I first got involved in amateur radio (also called ham radio) in 2010, mostly to prove a point that “girls can be amateur radio operators too” — and discovered I was joining a fun community by doing so. Ham radio dates back to the late 1800s as a means of communication. And communicate we have! There are over 743,000 active licenses in the United States.

From the start, I was welcomed to group study sessions for license test prep at HackPittsburgh. Once I had my Tech license (the U.S. entry-level license is known as the Technician Class) and my call sign (I’m KB3UGX), I could start communicating by radio, which made attending group events even more fun.

Field Day, established in 1933, is a great example of sharing ham radio with the community, by setting up temporary stations to demonstrate the science of ham radio, as well as technical skills and emergency preparedness. You can find out more about Field Day, which happens every fourth weekend in June.

Hamvention, the world’s largest amateur radio gathering, is held in May every year. You’ll find everything from license tests, seminars, radio and radio parts vendors, and the largest flea market you’ll ever see.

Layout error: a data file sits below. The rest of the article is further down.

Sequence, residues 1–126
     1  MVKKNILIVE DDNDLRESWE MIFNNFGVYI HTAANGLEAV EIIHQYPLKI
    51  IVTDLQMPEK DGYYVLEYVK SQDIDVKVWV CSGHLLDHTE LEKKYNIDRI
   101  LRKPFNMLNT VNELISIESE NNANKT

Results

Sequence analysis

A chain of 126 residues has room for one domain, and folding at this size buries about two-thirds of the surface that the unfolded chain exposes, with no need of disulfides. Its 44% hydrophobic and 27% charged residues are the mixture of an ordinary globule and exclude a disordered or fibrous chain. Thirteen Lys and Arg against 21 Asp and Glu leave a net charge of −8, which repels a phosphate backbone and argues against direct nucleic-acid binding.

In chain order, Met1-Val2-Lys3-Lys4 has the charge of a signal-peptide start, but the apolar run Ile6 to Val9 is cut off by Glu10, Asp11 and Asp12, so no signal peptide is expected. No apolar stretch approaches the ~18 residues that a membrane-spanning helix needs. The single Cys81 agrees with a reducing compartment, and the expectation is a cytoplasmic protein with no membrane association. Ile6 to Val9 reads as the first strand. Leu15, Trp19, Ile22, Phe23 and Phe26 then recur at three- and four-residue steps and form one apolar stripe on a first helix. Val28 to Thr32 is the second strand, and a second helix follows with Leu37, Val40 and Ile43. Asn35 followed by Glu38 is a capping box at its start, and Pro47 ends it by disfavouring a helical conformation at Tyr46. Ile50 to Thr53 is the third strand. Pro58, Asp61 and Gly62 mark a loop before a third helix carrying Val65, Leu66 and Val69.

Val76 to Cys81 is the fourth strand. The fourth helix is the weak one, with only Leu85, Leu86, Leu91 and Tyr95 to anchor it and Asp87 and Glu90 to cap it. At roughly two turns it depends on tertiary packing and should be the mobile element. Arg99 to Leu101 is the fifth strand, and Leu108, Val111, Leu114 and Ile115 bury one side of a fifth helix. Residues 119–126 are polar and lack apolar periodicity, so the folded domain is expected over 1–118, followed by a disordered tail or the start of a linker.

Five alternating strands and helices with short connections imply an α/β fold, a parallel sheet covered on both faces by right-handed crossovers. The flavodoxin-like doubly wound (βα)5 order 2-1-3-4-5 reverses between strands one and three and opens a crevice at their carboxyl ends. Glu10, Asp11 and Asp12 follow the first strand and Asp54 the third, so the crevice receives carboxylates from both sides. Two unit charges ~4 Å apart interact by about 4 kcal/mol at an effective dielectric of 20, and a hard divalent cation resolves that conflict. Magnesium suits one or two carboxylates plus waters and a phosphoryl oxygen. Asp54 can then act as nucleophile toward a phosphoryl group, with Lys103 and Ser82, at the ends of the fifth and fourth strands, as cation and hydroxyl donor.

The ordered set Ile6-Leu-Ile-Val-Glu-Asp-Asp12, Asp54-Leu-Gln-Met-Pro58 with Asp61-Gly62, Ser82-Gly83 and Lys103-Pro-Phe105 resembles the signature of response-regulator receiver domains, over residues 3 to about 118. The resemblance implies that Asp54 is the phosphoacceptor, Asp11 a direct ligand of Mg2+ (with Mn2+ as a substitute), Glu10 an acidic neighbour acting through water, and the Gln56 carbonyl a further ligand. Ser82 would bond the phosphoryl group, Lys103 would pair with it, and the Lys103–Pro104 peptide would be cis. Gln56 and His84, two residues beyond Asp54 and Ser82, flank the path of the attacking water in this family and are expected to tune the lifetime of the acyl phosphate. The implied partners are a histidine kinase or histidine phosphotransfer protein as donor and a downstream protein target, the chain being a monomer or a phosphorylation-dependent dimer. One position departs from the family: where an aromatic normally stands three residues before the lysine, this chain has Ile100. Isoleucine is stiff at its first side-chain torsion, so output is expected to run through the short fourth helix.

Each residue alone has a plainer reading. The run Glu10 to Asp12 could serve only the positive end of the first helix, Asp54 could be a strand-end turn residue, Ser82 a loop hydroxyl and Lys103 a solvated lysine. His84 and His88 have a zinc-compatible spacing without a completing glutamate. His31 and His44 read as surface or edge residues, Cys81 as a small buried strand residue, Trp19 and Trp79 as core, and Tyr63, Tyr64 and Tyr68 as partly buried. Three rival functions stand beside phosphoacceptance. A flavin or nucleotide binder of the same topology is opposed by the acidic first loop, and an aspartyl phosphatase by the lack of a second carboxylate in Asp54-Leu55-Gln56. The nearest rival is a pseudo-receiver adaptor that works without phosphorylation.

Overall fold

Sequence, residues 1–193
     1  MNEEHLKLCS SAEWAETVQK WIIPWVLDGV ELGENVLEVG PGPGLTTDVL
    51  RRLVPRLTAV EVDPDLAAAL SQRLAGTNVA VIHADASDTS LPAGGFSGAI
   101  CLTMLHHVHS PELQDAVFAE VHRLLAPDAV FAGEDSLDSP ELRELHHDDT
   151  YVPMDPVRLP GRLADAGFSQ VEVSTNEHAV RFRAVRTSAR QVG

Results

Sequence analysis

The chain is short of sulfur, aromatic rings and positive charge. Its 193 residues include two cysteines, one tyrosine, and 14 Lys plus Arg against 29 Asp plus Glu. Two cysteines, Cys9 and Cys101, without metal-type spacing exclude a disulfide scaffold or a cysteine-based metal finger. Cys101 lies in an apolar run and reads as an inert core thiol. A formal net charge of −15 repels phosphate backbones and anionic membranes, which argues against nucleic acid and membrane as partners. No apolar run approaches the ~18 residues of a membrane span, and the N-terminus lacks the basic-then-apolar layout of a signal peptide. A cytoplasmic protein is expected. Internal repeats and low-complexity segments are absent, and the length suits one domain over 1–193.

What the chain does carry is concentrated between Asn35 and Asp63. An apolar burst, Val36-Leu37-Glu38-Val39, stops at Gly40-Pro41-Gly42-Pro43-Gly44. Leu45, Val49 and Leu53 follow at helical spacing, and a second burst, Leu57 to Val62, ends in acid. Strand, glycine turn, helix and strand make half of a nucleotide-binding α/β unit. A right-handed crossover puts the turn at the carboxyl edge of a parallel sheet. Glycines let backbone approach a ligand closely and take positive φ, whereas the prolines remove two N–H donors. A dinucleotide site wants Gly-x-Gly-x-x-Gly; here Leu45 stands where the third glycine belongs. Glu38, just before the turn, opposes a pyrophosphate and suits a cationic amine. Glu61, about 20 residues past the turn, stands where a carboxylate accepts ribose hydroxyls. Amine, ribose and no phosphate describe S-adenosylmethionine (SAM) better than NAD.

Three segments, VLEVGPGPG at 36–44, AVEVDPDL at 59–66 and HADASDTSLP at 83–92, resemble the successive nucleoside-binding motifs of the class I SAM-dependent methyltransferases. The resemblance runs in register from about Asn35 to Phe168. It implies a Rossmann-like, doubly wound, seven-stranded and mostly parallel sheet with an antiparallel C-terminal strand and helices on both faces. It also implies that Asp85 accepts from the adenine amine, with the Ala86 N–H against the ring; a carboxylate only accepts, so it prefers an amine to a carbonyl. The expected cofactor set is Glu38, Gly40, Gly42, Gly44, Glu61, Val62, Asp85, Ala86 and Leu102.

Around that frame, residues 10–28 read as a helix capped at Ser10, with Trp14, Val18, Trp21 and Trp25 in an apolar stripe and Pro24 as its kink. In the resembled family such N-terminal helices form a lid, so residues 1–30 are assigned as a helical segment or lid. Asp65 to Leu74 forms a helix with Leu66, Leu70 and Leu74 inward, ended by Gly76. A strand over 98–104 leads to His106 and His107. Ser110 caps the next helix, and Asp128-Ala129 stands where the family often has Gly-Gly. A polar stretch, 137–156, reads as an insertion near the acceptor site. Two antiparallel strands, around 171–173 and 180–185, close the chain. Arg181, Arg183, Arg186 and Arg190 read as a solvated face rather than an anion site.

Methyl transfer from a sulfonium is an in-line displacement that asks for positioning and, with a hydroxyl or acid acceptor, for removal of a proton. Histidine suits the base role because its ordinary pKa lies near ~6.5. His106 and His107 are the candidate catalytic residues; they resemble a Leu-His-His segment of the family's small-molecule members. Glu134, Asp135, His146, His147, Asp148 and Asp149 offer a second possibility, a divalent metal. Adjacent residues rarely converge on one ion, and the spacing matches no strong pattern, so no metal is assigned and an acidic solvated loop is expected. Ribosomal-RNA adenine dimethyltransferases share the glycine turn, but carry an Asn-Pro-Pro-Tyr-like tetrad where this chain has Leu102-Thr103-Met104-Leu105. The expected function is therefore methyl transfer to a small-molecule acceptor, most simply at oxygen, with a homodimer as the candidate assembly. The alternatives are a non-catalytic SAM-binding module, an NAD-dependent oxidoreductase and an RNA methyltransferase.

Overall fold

For any ladies looking for a tribe of their own, the Young Ladies’ Radio League is an organization for women of all ages all over the world who hold amateur radio licenses.

Possibly the most fun ham radio group project I have had the pleasure of working on was the LEAD Balloon Project with HackPittsburgh —read more about one of our adventures. We utilized Ham Radio twofold — to track the balloon on its path, as well as communication between all the chase vehicles.

Join the amateur radio community! A Tech license is easy to study for. You can get involved and find more info on the American Radio Relay League’s website.